Tennessee ranks 46th in nationwide ‘Kids Count’

Posted By | October 12, 2009 12:00 am

Violent deaths among teens was at its highest figure in White County since 1998 as indicated in a recently released state report that uses numerous indicators to develop the annual statistics.
In 2007, four violent deaths among teens were recorded for White County.
“Kids Count: The State of the Child in Tennessee” report on child well-being, which is released annual, provides data used to help guide priorities for children through its identification of critical issues and strategic solutions. This report is coordinated by Tennessee Commission on Children and Youth. The most recent figures are from 2007.
The report focuses on the state’s most vulnerable children. It provides an overview of children in state custody, services of Tennessee Department of Children’s Services and includes recommendations.
In White County, the total population under 18 years old was 5,629, in 2007.
Some of the categories listed in the report are as follows:
•The number of students participating in free/reduced lunch program remained the same for 2007 as the figure in 2006, at 1,698.
•The number of teens who gave birth in 2006 was 16. This was the third highest number since 1998, with 19 in 1998 and 23 in 2000.
•The number of teens with sexually transmitted diseases, for 2007, was 5. The highest number since 1999 was 10, which occurred in 2004; followed by 2006 at 8; and 2002 and 2005, both at 6.
•Substantiated children abuse/neglect cases were listed at 35, for 2007. Since 1997, the highest number was in 2005, with 191, followed by 2004, with 131.
•One of the areas listed at the highest figure for past 11 years was juvenile court referrals, at 197.
Tennessee’s overall ranking was 46 out of 50 states.
Kids Count uses 10 indicators for its report. Since 2000, Tennessee has improved on five of the indicators and conditions worsened on the other five.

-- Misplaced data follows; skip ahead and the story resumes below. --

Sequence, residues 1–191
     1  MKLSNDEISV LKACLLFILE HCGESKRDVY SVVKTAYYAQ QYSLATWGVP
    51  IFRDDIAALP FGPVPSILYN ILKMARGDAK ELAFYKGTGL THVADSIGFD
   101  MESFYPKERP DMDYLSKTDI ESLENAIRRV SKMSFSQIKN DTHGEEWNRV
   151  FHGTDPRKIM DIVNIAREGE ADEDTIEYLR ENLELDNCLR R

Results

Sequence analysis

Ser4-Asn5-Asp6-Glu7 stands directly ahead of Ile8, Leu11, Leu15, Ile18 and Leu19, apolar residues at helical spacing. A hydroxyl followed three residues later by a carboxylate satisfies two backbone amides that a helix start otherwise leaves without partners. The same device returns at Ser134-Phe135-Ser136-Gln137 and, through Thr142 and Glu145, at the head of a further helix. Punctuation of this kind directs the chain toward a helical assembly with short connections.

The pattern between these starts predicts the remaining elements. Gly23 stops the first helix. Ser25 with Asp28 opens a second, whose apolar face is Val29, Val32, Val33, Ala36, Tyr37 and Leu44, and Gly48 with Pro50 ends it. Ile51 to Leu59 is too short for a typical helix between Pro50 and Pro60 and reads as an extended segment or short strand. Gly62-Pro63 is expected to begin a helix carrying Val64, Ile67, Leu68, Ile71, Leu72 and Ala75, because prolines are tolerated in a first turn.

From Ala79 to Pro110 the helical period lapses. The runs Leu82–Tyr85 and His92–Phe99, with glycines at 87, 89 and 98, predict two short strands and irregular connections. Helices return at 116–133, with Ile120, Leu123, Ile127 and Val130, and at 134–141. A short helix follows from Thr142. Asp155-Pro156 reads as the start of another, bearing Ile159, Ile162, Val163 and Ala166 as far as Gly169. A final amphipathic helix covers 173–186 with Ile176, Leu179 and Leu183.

Tennessee’s best ranking is on high school dropouts. The state ranks 23rd in percent of teens who are high school dropouts. Which is a 33 percent improvement from 2000 to 2007.
However, Tennessee ranks 41st on the percent of children without secure parental employment; 42nd on both the teen birth rate and the percent of children in poverty; 43rd on the percent of children in single-parent families; 44th on both the teen death rate and the percent low-birthweight babies; and 47th on infant mortality rate.
Although Tennessee ranked in the bottom 10 of the aforementioned categories, the state’s child death rate for ages 1 to 14 decreased 21 percent from 2000 to 2006, which had previously been the lowest level in the decade.
Teen births in the 15-17 years old age group increased from 3.266, in 2005, to 3,394, in 2006. However, births decreased for teens 18-19 years old from 7,519, in 2005, to 7,390, in 2006.
According to Kids Count data, the highest figure for births in the 15-17 years old category, from 1995-2007, was in 1995, at 4,553.
Teens who are high school dropouts increased from 20,000, in 2006, to 24,000, in 2007.
Children living in poverty increased from 322,000, in 2006, to 331,000, in 2007.
The number of children living in single-parent households was at its highest figure in 10 years, at 495,000.
For detailed information about White County’s and Tennessee’s rankings, log onto http://datacenter.kidscount.org/.
All states may also be found at this same Web site.

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